They also pursue the truth around an accusation of professional misconduct made against their employer, Dr Simpson, and seek out the thief stealing from the Simpson household. As well as doing their actual jobs!

I really enjoyed this book, and am going to go back and read it’s predecessor, The Way of All Flesh too.

*I was kindly gifted a copy of this book in exchange for taking part in the blog tour but all opinions remain my own.

blog tour, books, reviews

Blog Tour: A Sparrow Alone – Mim Eichmann*


1890s. Colorado. Following her mother’s sudden death, thirteen-year-old Hannah Owens is hired as domestic help by a wealthy doctor’s family in Colorado Springs. When the doctor declares bankruptcy and abandons his family to finance his mistress Pearl DeVere’s brothel,

Hannah is thrown into a world of gold mining bonanzas and busts, rampant prostitution and the economic, political and cultural upheavals of the era.

Two of Cripple Creek’s most colorful historic characters, Winfield Scott Stratton, eccentric owner of the richest gold mine in Cripple Creek, and Pearl DeVere, the beautiful madam of The Old Homestead come to life as this old-fashioned, coming-of-age saga unfolds, a tribute to the women who set the stage for women’s rights.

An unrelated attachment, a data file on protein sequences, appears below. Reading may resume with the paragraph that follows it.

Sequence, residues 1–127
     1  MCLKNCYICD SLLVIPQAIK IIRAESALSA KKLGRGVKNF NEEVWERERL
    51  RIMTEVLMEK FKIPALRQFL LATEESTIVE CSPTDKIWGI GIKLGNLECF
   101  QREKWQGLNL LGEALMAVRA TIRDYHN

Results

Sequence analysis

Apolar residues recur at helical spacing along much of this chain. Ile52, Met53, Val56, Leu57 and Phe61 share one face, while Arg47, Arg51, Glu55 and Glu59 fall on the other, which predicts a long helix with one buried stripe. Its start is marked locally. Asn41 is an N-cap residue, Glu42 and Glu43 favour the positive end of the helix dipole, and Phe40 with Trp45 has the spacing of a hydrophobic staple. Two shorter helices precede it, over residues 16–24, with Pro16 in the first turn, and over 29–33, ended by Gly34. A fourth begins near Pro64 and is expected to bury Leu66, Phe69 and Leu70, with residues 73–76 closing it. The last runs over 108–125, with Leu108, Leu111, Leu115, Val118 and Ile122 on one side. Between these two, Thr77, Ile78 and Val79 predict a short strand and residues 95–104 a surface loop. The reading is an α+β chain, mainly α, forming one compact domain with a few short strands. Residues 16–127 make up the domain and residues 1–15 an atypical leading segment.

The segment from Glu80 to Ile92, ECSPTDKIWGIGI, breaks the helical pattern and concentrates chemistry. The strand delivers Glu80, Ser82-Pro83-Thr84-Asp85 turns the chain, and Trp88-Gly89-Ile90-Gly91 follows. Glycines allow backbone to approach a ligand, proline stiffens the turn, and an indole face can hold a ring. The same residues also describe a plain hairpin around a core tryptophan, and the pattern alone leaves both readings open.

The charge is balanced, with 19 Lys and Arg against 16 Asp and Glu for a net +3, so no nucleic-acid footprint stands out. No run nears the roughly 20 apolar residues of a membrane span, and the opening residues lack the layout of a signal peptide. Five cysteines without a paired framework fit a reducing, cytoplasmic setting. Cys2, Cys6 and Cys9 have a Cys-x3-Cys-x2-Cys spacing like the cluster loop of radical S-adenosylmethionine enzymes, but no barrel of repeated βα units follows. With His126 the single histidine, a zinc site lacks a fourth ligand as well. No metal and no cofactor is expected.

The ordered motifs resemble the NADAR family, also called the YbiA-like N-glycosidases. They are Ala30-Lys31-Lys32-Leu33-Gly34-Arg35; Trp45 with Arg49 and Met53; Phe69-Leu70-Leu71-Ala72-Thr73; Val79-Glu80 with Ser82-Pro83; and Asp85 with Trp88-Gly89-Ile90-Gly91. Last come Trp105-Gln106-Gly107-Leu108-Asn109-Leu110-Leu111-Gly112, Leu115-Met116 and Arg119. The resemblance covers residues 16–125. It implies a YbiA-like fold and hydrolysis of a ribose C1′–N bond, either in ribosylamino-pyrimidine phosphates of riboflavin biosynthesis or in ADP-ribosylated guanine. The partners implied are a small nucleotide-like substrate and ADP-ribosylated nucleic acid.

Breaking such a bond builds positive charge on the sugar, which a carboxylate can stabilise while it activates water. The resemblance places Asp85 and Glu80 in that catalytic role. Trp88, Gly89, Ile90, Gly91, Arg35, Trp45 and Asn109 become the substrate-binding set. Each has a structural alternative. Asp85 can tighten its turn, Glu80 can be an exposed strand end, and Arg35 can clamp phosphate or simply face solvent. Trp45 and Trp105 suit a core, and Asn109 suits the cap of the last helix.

My thoughts:

This was really interesting, I’m always fascinated by stories of women’s lives through history and to be honest, the Colorado gold rush isn’t something I know much about, being British. My cousin and her family now live there though, so this added a little extra interest for me.

Hannah Owens is a brave and resourceful woman, she doesn’t expect much from her hard scrabble life on the fringes of the mining community of Cripple Creek. She’s willing to work hard and fight.

She finds herself raising a child, the daughter of her friend Abigail, and singing at events hosted in the fanciest brothel in town. None of this is easy, and despite her youth she is level headed and wise beyond her years.

The story was fascinating and I cheered Hannah on as she fought to live her life on her own terms and survived some truly horrible things. The ending made me cross, just as everything was finally working out and I can only hope that in the sequel Hannah doesn’t have to suffer too much.

*I was kindly gifted a copy of this book in exchange for taking part in the blog tour but all opinions remain my own.

blog tour, books, reviews

Blog Tour: The Runes of Destiny – Christina Courtenay*

Separated by time. Brought together by fate.
Linnea felt a shiver travel the length of her spine.

It hadn’t been a joke – the runes really had shown her destiny.

Indulging her fascination for the Viking language and losing herself in an archaeological dig is just what
Linnea Berger needs after her recent trauma. Uncovering an exquisite brooch, she blacks out reading